3.      Hand out the National Geographic article to each student.  EACH OF YOU HAS A COPY OF THE ARTICLE ABOUT SPACE AND                             CONSTELLATIONS.  I WANT YOU TO SILENTLY READ THE FIRST FOUR PARAGRAPHS ABOUT BIG BEAR AND LITTLE BEAR (THE                 CONSTELLATIONS WE HAVE BEEN STUDYING).  STOP READING WHEN YOU GET TO THE PARAGRAPH ABOUT GALILEO.  AS                     YOU READ, PAY ATTENTION TO ANY IMPORTANT FACTS THAT MIGHT HELP US SUMMARIZE THE ARTICLE LATER.  WHEN YOU             HAVE FINISHED READING, PUT YOUR HEAD DOWN.  WE HAVE JUST REVIEWED HOW TO  READ SILENTLY SO I WANT TO SEE                     EVERYONE DOING THIS.  ARE THERE ANY QUESTIONS?  OKAY, BEGIN READING.  Give ample time for the students to read the article and             assure that each child's head is down before proceeding with the lesson.  
      
    4.    NOW WE ARE GOING TO SUMMARIZE WHAT WE JUST READ.  WE ARE GOING TO FIND ALL THE MAIN POINTS OF THE TEXT             AND TAKE OUT ALL THE INFORMATION THAT WE DO NOT NEED SO THAT WE WILL HAVE A SHORTER VERSION OF THE                             PASSAGE.  Hand out 1 highlighter and one black marker to each student.  I WANT YOU TO RE-READ THE PASSAGE AND HIGHLIGHT ONLY THE         MAIN IDEAS AND IMPORTANT INFORMATION.  Discuss each of these facts with the students after they have finished highlighting.  WHAT FACTS DID     YOU HIGHLIGHT?  GOOD JOB.  THAT'S VERY IMPORTANT.  Allow time for several facts to be named.  Next have students mark through the                     unimportant information with a marker.  NOW I WANT YOU TO GO BACK AND MARK THROUGH ALL THE OTHER INFORMATION THAT IS             NOT AS IMPORTANT USING YOUR BLACK MARKER.  THIS IS THE INFORMATION THAT IS NOT USEFUL FOR OUR SUMMARY.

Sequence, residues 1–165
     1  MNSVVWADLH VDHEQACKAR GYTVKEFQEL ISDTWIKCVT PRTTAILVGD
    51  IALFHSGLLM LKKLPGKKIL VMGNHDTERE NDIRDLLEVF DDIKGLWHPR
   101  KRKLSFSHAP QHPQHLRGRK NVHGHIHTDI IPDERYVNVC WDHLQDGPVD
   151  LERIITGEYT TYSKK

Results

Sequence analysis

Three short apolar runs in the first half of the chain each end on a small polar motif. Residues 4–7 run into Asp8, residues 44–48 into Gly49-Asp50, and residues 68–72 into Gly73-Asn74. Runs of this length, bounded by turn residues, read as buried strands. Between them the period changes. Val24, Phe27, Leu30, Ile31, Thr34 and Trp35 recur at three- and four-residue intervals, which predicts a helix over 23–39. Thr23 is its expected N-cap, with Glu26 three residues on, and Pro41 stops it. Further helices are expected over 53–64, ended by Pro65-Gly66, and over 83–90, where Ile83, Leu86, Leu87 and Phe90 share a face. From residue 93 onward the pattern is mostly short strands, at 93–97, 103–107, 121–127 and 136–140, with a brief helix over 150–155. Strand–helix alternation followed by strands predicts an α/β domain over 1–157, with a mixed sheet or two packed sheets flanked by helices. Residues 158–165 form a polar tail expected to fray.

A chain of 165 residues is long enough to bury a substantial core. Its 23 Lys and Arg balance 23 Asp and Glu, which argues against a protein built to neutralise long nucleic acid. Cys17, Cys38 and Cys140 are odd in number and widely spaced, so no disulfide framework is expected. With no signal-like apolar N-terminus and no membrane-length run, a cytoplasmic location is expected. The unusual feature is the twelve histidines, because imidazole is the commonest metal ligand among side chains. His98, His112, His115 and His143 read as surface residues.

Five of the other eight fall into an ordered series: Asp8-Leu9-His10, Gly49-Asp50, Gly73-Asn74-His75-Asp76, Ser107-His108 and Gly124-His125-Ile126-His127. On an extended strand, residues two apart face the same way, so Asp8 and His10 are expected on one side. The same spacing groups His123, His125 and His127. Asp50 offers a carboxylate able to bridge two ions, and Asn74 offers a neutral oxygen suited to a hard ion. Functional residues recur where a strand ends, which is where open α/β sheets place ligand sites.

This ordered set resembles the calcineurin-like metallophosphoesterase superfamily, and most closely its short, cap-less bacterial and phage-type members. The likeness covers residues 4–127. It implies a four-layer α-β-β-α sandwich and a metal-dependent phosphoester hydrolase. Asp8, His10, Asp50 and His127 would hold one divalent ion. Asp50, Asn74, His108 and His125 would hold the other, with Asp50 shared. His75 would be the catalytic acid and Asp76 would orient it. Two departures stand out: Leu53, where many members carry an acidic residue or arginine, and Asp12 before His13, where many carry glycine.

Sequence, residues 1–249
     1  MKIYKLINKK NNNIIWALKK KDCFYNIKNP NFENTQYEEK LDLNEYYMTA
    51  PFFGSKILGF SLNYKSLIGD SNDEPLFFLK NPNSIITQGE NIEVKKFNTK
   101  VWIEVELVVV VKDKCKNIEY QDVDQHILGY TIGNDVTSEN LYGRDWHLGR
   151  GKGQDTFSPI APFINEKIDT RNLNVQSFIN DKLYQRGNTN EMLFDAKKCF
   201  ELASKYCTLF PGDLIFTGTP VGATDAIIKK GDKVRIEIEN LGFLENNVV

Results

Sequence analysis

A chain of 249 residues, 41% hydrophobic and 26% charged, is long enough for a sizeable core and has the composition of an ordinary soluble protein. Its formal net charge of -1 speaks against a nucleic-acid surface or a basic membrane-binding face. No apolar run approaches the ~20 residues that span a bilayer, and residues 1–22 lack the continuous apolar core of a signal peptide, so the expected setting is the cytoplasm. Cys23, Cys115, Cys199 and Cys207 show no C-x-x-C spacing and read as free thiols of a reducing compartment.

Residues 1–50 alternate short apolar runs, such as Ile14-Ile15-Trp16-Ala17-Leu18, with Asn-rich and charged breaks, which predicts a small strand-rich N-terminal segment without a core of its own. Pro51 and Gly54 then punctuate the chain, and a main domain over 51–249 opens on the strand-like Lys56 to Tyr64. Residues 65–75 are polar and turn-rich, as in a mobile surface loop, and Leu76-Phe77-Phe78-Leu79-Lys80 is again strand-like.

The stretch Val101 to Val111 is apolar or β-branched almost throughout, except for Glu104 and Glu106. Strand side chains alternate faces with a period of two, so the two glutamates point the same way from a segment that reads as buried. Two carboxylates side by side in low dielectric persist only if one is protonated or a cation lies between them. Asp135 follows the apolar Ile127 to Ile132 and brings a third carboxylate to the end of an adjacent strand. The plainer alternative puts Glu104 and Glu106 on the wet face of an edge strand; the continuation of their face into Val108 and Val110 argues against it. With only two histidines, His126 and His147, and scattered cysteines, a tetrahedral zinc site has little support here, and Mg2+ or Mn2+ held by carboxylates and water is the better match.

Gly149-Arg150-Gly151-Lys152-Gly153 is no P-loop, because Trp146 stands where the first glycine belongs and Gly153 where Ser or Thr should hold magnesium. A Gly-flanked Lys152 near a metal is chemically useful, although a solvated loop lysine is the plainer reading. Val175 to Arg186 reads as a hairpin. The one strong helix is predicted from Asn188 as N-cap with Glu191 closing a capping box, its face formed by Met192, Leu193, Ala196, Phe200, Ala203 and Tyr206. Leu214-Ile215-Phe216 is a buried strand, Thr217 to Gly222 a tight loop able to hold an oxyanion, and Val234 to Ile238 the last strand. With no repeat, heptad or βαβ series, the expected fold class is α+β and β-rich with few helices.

5.     Once the students have highlighted all the important facts in the story and marked     through the unimportant facts, have the students write what is left on a         blank sheet of     paper.  NOW I WANT YOU TO RE-WRITE THE IDEAS IN SENTENCES THAT ARE HIGHLIGHTED ONTO A BLANK SHEET             OF PAPER.  COMBINE THE HIGHLIGHTED FACTS TO FORM A SUMMARY OF THE PASSAGE.  MAKE SURE TO LEAVE OUT ALL THE             SENTENCES THAT YOU MARKED THROUGH WITH THE BLACK MARKER.  WHEN YOU ARE FINISHED WITH THE SUMMARY, YOU             MAY PUT YOUR PENCIL DOWN AND READ OTHER PARTS OF THE ARTICLE THAT INTEREST YOU.  When everyone has completed their                summary, allow a few students to read their summaries to the class.  LISTEN CAREFULLY AS THESE STUDENTS READ THEIR SUMMARIES TO             FIND OUT IF THEY MARKED OUT THE SAME INFORMATION THAT YOU DID.  Each of  the students' summaries should sound similar.

Assessment    
    Instruct the children to read the two paragraphs in the National Geographic article discussing Galileo.  After they read, the students will individually create a                 summary of the passage and write it on a blank sheet of paper.  This will be turned in to the teacher for assessment using the evaluation checklist.

References
 Kanute, Jenn.  "Keep it Short."  http://www.auburn.edu/rdggenie/elucid/kanuterl.html

Pressley, M., Johnson, C.J., Symons, S., McGoldrick, J.A., &Kurity, J.A.  (1989).  Strategies that improve children's memory and comprehension of text.  The Elementary School Journal, 90, 3-32.    

Nyquist, Kate Boehm.  (2002).  Exploring Space.  http://www.nationalgeographic.com/education/readingexpeds/WE41264.html